First, he indicated the lack of sympathy, or the feeling of fraternity towards the Portugues and the Spanish people. One typical example is that Wellesley used the Spanish name of the French general, "Duc D'Abrantes" when he referred to his counterpart. That is grossly wrong because it clearly shows Wellesley's insensitivity of the political meaning of the Convention. He unwittingly acknowledges the legitimacy of French reign of Spain, not to mention ignoring the feeling of the public in Spain. In Wordsworth's own expression, it shows "a deadness to the moral interests of the cause," and "a want of sympathy."


In a similar context, it was "a heart-breaking insult" to Portuguese people in Wordsworth's thought to have such an agreement over the fate of the Peninsular without consulting Portuguese people themselves. There was no name of the Portuguese monarch in the contract document, no seat for him in the negotiation table either.  "What an outrage!" Wordsworth said.


Wordsworth's showed his particular indignation with the article 17 by which all the collaborators are protected by the British Army. It was a matter of justice. He quote an angry protest from one Portuquese general named Frier. I quote.


I protest against Article XVII because it attempts to tie down the government of this kingdom not to bring to justice and condign punishment those persons, who have been notoriously and scandalously disloyal to their prince and the country by joining and serving the French party, and, it should not prevent their expulsion (1932-38) unquote.


A. V. Dicey, the editor of Wordsworth's The Convention of Cintra, said that the most distinctive feature of the essay was his idea of nationalism, which he claimed, at least two decades earlier than Giuseppe Mazzini of Italian unification movement. It is not certain whether Wordsworth could properly called a "nationalist" but it is very true that his idea of self-determination contains a germ of nationalism offering its moral foundation. I quote.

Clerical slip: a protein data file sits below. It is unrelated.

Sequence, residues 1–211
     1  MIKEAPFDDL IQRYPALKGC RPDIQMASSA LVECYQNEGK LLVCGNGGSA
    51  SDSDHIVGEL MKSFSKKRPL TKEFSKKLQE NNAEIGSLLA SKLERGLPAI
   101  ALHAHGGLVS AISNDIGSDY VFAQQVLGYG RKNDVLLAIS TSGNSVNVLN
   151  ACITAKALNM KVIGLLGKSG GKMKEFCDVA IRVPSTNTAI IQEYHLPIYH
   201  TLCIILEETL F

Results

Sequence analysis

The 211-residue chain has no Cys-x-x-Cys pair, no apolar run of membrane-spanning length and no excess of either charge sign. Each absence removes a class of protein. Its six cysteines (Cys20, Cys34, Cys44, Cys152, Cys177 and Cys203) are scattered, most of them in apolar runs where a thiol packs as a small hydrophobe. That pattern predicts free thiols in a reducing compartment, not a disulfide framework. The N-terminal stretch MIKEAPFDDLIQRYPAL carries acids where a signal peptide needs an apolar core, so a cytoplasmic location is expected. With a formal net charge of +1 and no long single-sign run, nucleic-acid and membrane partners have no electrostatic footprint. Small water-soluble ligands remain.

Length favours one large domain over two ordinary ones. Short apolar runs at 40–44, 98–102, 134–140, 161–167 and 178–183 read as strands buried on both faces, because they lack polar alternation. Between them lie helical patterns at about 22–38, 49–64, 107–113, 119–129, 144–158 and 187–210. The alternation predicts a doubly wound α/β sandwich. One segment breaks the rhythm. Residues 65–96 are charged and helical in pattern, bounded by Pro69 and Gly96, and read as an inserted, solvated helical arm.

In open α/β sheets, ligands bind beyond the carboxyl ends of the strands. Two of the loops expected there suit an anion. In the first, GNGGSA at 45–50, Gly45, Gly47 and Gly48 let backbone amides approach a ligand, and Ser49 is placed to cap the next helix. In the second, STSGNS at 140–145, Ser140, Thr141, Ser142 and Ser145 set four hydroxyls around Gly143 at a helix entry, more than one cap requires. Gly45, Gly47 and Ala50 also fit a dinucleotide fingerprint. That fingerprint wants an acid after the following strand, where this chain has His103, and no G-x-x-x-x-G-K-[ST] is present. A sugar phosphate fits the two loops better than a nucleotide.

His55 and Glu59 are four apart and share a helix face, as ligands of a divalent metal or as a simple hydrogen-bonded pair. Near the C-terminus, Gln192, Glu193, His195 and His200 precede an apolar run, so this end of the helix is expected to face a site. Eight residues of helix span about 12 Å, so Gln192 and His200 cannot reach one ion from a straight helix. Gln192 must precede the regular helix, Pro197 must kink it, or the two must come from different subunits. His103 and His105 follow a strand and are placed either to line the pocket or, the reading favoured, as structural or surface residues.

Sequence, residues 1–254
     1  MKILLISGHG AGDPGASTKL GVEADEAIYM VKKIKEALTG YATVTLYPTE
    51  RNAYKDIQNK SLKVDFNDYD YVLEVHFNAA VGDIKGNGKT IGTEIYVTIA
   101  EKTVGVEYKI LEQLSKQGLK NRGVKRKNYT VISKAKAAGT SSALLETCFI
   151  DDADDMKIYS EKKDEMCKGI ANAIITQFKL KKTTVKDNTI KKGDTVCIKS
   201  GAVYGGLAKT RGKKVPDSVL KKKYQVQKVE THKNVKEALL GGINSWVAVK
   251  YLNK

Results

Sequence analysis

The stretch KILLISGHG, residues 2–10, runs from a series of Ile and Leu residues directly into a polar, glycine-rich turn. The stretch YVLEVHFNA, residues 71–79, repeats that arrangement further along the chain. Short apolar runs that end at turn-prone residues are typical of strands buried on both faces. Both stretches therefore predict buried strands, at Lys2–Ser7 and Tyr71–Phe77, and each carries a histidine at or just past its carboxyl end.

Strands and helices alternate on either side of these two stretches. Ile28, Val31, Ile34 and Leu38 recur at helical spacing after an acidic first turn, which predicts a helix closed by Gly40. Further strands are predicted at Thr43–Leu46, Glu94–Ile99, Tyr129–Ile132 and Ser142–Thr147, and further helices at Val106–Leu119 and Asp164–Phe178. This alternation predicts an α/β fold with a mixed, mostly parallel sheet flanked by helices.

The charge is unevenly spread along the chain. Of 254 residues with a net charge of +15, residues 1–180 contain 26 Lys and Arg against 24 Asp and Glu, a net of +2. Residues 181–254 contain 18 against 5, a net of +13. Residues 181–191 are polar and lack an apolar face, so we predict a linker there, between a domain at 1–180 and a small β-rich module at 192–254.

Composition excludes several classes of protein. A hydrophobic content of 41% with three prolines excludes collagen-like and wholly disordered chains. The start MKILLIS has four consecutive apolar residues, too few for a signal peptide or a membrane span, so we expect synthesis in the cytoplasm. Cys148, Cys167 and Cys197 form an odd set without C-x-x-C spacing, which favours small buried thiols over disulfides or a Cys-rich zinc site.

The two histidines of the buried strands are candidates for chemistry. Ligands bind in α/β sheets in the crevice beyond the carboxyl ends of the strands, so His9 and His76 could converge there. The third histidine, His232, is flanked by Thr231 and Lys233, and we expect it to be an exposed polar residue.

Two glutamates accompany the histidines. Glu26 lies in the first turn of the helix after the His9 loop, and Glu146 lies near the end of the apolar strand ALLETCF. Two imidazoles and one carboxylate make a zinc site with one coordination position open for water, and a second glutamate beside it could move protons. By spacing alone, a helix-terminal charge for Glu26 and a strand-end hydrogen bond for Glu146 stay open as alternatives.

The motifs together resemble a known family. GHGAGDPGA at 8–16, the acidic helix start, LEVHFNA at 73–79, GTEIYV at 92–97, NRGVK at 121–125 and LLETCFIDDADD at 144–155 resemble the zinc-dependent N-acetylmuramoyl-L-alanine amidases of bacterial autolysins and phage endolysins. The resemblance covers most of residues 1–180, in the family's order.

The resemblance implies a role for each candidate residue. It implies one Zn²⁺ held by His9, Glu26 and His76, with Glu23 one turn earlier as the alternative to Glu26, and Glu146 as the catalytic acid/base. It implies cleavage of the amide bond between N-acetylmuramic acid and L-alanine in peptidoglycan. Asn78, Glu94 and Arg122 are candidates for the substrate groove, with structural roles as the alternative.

This cannot be accomplishedwithout an accompanying and inseparable resolution, in the souls of the Spaniards, to be and remain their own masters; that is, to preserve themselves in the rank of Men; and not become as the Brute that is driven to the pasture, and cares not who owns him. It is a common saying among those who profess to be lovers of civil liberty, and give themselves some credit for understanding it,---that, if a Nation be not free, it is mere dust in the balance whether the slavery be bred at home, or comes from abroad; be of their own suffering, or of a strangers imposing(3649-57). Unquote.


It is most fundamental and telling aspect of Wordsworth's protest in this essay. It is the logic of justice which is based upon the republican values the French people had wanted to promote themselves, which is, Liberty, Equality, and Fraternity. The principle of self-determination is an expression of liberty in the political context, which is actually the most romantic aspect as well. Because the self-determination within an individual as well as within a country, is the essence of liberty, to borrow Fridriech Schillers expression, "a beautiful soul" residing in them. Wordsworth knew that liberty was the most central value he had to defend because it was the first condition to secure the other republican virtues.





Wordsworth showed very clearly in this essay that his alleged apostasy was not completed as yet, and remained a Republican even after having withdrawn his support to the French Revolution because he still firmly argued that the cause of the people can be best protected and guaranteed when it was controlled by the People themselves.


I quote.


That a numerous Nation, determined to be free, may effect its purpose in despite of the mightiest power which a foreign Invader can bring against itthey have shewn that the cause of the People, in dangers and difficulties issuing from this quarter of oppression, is safe while it remains not only in the bosom but in the hands of the People(3484-91). 




Wordsworth noted that here that patriotism is formulated in its best form when a nation was put in danger. Wordsworth came to realize, through the case of Napoleon's France and Spain, that patriotism is naturally connected with the spirit of resistance, which is why he is so energetically glorifying the value of the Spanish uprising whether or not it succeeded in its immediate political context. Wordsworth was really insightful in arguing this. I quote.